Sex Education in schools (2)

Sex Education in schools (2) - Sex Education in Schools1...

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1 Sex Education in Schools Sex Education in Schools Tracy Swinford Axia College University of Phoenix
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2 Sex Education in Schools When people think about sex education, what comes to mind? The talk the girls received in the fifth grade, or health class in high school? Unfortunately that is not the kind of education our children need. Although parents are the ones that should be teaching their children about sex and prevention, the schools have been given the responsibility instead. But are they actually giving them an education on how to be safe or just how the body works? Or should the parents be the ones to give the proper education when it comes to sex? Sex education should be a joint effort between the schools and the parents. This is the only way adolescents are going to get the proper information and be able to live a healthy productive life. In the early twentieth century, sex education was not as important as it is today. Women were to remain virgins until their wedding night, and men were taken out either by their families or coworkers to initiate them into sex. As time went on, sex education became more important, this is because the spread of sexually transmitted diseases (STD’s) were on the rise. This alarmed doctors, but they thought that it was only affecting the big cities and men visiting prostitutes. But what they didn’t realize is that those men were coming home and giving the STD to their wives. With this in mind sex education was started. When it was first being taught, the educators tried to work through the parents, churches, and public lectures. Their reasoning behind this was that young people are stuck between puberty and marriage and they needed guidance. This is where public schools came into play. They figured they could teach the children where the parents were failing. They eventually came up with a program that would quash any curiosity. Initially it began with a doctor giving a short series of talks about the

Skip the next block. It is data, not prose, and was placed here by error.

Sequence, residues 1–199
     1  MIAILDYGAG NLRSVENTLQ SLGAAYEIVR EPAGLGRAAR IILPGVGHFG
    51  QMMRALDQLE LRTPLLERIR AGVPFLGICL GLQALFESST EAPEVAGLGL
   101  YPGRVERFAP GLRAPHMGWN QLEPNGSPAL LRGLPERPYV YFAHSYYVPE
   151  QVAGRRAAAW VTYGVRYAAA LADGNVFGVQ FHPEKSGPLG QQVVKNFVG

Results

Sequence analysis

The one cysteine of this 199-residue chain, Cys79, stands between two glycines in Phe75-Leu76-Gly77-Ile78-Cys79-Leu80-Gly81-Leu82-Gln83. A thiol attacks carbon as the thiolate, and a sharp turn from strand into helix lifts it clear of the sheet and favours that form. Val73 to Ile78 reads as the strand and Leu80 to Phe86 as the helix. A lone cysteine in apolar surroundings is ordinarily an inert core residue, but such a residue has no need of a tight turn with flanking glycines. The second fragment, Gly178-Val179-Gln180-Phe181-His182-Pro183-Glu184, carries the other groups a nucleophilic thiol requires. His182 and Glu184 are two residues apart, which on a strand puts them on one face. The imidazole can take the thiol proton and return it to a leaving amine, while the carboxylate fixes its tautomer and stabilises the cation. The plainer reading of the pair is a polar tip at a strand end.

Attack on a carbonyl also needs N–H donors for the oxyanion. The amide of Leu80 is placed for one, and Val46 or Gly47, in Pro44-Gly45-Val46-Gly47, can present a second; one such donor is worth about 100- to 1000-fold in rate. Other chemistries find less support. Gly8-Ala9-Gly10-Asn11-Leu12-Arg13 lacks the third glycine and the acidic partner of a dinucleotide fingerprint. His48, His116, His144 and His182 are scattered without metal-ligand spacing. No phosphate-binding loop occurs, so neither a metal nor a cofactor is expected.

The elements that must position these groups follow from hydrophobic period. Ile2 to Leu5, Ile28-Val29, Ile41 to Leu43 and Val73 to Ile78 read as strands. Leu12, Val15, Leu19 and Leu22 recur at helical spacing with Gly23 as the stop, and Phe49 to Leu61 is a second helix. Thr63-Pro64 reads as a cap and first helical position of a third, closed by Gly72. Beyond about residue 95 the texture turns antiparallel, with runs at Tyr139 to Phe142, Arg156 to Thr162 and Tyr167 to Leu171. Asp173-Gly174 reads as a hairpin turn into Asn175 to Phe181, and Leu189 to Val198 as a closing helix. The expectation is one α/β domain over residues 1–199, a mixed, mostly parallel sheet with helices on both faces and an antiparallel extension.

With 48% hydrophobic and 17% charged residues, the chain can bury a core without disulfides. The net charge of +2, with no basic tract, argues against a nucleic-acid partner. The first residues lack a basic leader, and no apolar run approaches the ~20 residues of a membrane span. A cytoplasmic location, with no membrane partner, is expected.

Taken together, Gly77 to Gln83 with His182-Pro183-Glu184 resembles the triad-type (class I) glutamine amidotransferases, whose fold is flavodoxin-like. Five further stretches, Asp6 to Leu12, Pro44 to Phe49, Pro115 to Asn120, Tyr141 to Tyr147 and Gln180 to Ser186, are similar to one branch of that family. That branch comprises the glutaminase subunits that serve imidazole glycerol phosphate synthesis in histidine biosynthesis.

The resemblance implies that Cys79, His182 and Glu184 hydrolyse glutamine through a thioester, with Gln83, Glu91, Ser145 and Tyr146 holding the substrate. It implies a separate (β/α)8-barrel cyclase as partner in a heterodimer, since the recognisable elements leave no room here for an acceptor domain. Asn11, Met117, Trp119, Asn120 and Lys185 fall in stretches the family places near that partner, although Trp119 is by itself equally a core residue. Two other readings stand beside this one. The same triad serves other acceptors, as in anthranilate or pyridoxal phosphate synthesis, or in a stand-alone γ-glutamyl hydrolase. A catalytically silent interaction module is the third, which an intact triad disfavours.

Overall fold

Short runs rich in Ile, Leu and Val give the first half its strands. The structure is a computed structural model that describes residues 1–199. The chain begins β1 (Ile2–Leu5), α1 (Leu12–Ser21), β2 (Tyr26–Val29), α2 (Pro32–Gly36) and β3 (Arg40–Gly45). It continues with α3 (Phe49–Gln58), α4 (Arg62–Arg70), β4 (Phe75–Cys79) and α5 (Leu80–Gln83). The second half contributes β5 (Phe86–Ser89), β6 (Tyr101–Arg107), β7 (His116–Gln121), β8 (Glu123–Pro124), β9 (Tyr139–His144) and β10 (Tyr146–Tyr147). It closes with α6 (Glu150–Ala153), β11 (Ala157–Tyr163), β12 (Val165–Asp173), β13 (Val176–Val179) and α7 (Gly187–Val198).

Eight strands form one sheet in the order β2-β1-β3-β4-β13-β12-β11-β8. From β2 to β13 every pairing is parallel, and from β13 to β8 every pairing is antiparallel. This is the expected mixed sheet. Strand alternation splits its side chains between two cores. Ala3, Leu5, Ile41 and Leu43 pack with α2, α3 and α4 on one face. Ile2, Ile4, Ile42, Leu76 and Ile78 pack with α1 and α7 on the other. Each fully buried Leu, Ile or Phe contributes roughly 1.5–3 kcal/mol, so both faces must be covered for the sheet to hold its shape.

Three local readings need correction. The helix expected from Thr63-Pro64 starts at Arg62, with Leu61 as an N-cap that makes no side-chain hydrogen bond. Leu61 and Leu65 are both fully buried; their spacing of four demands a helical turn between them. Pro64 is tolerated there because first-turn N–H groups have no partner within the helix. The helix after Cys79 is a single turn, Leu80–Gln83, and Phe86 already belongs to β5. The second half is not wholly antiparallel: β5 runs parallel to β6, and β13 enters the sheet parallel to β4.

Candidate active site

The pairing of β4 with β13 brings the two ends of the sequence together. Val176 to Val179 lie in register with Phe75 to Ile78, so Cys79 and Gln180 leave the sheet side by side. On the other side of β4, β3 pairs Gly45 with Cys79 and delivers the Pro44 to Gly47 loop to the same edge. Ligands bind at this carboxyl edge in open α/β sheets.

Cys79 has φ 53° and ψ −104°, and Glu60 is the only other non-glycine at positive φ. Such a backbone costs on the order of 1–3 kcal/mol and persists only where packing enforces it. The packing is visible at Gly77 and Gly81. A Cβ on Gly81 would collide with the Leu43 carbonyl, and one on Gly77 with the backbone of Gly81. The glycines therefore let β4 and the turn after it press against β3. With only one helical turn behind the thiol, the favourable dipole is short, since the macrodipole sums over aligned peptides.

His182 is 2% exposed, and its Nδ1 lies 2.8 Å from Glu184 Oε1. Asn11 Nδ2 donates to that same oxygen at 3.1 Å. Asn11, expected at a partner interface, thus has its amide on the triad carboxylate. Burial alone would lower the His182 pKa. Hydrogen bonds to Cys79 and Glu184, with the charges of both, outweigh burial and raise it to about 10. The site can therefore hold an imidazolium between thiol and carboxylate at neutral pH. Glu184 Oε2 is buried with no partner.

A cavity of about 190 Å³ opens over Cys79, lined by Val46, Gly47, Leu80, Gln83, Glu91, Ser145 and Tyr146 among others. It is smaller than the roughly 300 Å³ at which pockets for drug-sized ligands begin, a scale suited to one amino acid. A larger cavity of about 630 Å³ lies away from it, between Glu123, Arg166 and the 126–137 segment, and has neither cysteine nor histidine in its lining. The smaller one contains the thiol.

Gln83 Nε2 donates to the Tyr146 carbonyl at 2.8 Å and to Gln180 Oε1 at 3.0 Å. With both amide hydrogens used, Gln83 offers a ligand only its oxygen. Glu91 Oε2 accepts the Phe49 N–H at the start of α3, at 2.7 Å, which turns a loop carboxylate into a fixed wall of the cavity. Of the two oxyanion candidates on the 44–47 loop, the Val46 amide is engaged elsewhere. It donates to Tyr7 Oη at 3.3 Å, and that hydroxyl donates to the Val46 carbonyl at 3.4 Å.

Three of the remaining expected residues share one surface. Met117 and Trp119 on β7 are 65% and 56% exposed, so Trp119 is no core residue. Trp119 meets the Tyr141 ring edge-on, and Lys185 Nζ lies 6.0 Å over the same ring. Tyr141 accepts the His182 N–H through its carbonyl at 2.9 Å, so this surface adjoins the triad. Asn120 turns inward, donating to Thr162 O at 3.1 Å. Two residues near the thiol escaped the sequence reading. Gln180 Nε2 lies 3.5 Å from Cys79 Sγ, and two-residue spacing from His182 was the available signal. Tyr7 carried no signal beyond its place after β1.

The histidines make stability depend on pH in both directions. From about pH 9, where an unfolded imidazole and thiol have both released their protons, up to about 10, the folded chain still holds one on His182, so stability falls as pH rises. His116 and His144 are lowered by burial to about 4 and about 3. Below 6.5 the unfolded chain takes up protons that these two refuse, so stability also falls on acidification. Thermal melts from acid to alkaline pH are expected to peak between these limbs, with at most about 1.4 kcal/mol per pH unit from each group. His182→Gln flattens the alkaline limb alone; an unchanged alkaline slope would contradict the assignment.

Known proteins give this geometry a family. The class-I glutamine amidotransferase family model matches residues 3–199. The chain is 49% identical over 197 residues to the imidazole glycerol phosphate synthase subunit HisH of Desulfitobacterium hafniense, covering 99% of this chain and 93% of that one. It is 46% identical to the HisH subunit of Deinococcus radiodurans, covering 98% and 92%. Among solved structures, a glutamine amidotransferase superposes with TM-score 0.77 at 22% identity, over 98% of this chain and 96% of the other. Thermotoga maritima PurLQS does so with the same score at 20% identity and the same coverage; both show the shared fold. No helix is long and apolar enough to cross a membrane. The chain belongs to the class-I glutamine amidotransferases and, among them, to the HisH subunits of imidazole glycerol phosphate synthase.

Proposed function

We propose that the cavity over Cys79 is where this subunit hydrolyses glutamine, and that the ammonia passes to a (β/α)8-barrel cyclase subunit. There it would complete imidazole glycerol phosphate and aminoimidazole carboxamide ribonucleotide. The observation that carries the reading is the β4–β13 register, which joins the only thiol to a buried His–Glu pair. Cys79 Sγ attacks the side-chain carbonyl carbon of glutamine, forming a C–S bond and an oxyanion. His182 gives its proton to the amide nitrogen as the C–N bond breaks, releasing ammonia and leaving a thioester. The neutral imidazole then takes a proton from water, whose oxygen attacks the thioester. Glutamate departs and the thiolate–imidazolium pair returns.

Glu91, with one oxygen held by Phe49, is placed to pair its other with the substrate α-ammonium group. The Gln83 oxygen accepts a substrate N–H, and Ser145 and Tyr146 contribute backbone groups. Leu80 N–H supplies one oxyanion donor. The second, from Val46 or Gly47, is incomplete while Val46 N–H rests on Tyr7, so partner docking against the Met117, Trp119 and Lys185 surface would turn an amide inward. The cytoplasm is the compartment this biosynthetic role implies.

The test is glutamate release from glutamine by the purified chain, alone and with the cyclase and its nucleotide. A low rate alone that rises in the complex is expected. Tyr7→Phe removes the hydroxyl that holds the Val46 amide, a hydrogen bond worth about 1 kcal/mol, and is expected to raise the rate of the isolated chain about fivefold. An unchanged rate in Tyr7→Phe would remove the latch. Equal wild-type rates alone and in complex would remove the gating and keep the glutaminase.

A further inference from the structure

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3 Sex Education in Schools reproductive system, the harmful effects of STD’s, and the moral and medical dangers of having sex before marriage or having sex outside of the marriage. Boys and girls sat in separate classrooms and the lessons were very different. Boys learned that they have a moral responsibility to their moms and future wives to stay celibate. The girls had warnings of contracting an STD from a male who had sex before marriage or outside of their marriage. Some of the girls concerned the doctors because they thought they would never get married because they were scared. (Moron, 2000). In the 1960s and 1970s during the “sexual revolution” the rate of premarital sex, STD’s and pregnancy climbed sharply. Moron (2000) “The SIECUS (Sexuality Information Education Council of the United States) believed that teaching children in a neutral manner would allow them to make their own decisions on sexual behavior and sexual morality. Sexuality education was supposed to include information on birth control, teen pregnancy, masturbation, gender
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Sex Education in schools (2) - Sex Education in Schools1...

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